Heroes in Black History: Dr. Curtis V. Cooper - WTOC-TV: Savannah, Beaufort, SC, News, Weather & Sports

Heroes in Black History: Dr. Curtis V. Cooper

By Dawn Baker - email | bio

SAVANNAH, GA (WTOC) - The late Dr. Curtis V. Cooper saw a tremendous need in our community. Instead of complaining amongst friends and family like so many people do, he sprung into the action and did something.

This community is forever indebted to this great man - a true agent of change. While working for the U.S. Department of Agriculture as a research technician, he saw how poor people on the west side of Savannah did not have access to healthcare. He met with a handful of friends in a shed in yard and there they came up with the idea that completely changed health care for the indigent.

In 1972, he secured funds for the establishment of a comprehensive health center for the city's indigent and served as its executive director. Under his management, it grew into the Westside Urban Health Center, a major medical resource. Today the clinic is known as the Curtis V. Cooper Primary Health Care Center. There are three facilities serving the indigent in Chatham County.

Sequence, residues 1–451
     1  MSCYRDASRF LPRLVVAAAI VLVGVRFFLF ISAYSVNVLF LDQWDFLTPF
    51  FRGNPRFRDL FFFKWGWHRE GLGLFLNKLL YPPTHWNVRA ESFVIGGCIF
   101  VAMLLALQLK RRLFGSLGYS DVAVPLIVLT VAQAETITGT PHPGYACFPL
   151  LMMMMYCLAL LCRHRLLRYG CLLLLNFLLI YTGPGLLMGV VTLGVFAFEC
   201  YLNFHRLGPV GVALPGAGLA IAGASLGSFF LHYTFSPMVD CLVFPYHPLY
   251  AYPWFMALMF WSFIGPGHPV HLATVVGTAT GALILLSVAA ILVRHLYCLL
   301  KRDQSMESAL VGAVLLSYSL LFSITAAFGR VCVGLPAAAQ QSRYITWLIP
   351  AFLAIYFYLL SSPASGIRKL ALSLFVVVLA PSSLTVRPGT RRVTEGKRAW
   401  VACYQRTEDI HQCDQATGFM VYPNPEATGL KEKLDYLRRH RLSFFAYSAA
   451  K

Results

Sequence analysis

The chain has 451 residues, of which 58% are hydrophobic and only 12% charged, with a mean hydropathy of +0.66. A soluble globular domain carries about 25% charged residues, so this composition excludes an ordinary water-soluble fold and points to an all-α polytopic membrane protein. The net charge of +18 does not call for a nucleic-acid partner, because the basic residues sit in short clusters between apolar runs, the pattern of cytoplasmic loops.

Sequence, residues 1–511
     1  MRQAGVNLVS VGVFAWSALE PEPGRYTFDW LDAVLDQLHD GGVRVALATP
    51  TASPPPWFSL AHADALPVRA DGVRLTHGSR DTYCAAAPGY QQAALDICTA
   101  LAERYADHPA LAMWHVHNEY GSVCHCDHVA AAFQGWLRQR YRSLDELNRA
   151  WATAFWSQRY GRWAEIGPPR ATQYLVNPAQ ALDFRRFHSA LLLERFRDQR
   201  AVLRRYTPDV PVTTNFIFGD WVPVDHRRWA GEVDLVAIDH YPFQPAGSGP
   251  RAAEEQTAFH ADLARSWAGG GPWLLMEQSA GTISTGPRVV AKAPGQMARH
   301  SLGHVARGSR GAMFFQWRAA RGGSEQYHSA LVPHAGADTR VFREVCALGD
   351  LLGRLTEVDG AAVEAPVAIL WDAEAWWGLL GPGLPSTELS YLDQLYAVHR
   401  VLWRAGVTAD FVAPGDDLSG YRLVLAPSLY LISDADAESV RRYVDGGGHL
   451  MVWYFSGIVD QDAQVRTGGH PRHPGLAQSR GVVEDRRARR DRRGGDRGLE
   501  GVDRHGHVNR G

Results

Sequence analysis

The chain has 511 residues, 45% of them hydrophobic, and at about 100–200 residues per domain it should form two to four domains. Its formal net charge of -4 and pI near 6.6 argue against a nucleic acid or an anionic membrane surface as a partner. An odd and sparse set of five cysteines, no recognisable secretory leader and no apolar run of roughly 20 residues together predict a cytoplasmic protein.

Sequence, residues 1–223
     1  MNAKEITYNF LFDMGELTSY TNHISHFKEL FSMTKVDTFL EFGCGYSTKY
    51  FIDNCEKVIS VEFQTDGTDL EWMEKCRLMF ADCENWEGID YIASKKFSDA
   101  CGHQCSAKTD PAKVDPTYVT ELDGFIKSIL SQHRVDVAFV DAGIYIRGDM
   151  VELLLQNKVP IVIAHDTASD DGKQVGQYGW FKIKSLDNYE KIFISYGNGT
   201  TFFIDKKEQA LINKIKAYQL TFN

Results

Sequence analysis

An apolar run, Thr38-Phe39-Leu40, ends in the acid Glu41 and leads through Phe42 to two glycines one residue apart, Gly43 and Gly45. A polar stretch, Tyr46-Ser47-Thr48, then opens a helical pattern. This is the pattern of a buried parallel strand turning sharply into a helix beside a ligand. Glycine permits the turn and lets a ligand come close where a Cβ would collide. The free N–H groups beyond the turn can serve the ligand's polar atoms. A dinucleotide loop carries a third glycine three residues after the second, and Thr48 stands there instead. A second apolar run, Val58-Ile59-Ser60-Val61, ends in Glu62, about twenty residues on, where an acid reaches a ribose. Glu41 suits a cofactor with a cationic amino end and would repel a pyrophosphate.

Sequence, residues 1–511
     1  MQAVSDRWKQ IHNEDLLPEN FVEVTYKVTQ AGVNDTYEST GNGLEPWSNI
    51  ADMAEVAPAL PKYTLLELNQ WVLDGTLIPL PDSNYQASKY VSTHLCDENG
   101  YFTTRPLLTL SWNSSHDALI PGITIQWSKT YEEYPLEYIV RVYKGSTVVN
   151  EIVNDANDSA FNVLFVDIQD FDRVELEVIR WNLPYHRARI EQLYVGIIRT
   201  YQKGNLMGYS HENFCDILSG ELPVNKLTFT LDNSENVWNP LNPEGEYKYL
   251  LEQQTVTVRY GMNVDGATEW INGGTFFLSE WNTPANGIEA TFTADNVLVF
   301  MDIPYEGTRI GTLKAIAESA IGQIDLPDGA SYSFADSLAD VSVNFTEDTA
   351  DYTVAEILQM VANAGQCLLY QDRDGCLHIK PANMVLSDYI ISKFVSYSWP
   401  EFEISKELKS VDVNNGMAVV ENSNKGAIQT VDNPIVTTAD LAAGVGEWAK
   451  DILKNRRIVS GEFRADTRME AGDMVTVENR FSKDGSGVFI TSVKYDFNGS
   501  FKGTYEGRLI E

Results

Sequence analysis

In 1984, Cooper became one of the first black members of Memorial Medical Center's board of directors. In 1995, he was elected chairman of that board. He was also the chairman of the Chatham County Hospital Authority twice and he served on the Georgia State Access to Health Care Commission and the Georgia State Health Strategies Council.

Cooper didn't only make a name for himself in the health care industry, but he was a foot soldier for freedom and justice. His desire for equality began when he was only child. Cooper was a leader in the local Youth Council of the National Association for the Advancement of Colored People and later became president of the NAACP Savannah Branch.

People who knew him best describe Dr. Curtis V. Cooper as a smart, happy, compassionate man who lived by the motto "everything is possible if you believe in yourself". He lived his life by treating everyone the way he wanted to be treated. That is a lesson all of us can live by. Dr. Curtis V. Cooper departed this life in January 2000, but no one will ever forget how this remarkable man changed our community forever.

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